I was thinking about a potential scene in a future project while I made breakfast this morning. About five minutes in, I realized I might not need the scene at all. The viewpoint character wouldn’t have any real agency. She would learn some news about her husband, but the scene would be, at best, a Proustian blend of impressions and people coming and going, with a climactic reveal near the end.1
Drama, as I understand it, is a combination of stakes and agency. Something must hang in the balance – the woman tied to the railroad tracks; the exit visas to Lisbon; the dream-thief’s sanity – and someone must make a choice to get closer to or further from it. Along the direct route between our protagonist and the stakes, throw in any number of obstacles: the bridge is out; the Nazis are on to you; your madness takes the form of your dead wife.
And yet (I thought, revising the lecture in my head)2, is agency really all that important? Consider the archetypal Mountie rescuing the woman tied to the railroad tracks. Does he have “agency” in any meaningful sense? Does the audience entertain the possibility that he might choose not to rescue the woman – that, confronted by a destroyed bridge or a raging river or a marauding band of Algonquin, he might say, “fuck it” and ride home?
To use a less dated example: is there ever a chance that James Bond (or Jack Bauer) will, when confronted with a terrorist mastermind, slump into their chair in defeat and rationalize their surrender? (My skills will make me useful to the new regime) Or do we know implicitly that the character will plunge ever forward, occasionally stymied but never discouraged by obstacles?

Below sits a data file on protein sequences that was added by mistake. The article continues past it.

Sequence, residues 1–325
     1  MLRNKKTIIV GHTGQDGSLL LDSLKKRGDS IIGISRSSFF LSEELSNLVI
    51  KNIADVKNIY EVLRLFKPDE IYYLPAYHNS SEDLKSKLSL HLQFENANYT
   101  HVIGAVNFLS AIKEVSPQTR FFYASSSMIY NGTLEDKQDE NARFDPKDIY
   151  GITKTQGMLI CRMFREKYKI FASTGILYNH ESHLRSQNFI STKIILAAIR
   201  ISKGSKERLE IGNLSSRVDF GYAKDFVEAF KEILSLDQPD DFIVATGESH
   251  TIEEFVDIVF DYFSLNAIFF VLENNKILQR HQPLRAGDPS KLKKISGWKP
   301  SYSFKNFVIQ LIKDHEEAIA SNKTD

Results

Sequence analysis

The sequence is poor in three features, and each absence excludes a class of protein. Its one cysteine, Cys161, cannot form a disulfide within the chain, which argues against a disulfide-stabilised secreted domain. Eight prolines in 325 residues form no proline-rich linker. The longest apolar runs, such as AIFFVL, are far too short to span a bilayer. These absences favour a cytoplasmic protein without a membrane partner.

All the above examples are of a particular “men’s adventure” type, so we probably can’t build a whole theory on them3. But even the Hero’s Journey monomyth doesn’t require a lot of choice by the hero save for the Rejection / Acceptance of the Call. Once they’re on the road, it’s a treacherous yet straight line to the finish.
Maybe it’s the appearance of agency that matters more than the actual suspense of a choice (will she or won’t she?). Our willingness to believe in an ambivalent hero depends a lot on genre: the star of a late 30s noir drama might rat his union organizer pal out to the bosses, but Batman won’t shoot the Joker in the face. Oedipus had all the choices he might want, but his fate had been sealed on the road to Thebes, years before the action of the play even started.
The fascination with agency – with choices, with control over one’s own life and outcomes – is a rather late invention. Earlier dramas were far more concerned with fate, or with the true order of things being upset or restored. So maybe I’m reading more into this than I need to.
1. “Sounds like a real winner, Perich.” I never talk about projects before they’re in a workable stage. You know me. C’mon.
2. I think in blog posts, in lectures, in TED talks and Socratic dialogues. I compose my stream-of-consciousness as if I’m narrating it to a class of eager students. People who know me have caught me doing it. If there’s another way to think – to have thoughts about abstract subjects – LiveJournal and the Internet age have forever barred it to me.
3. A billion dollar franchise, yes.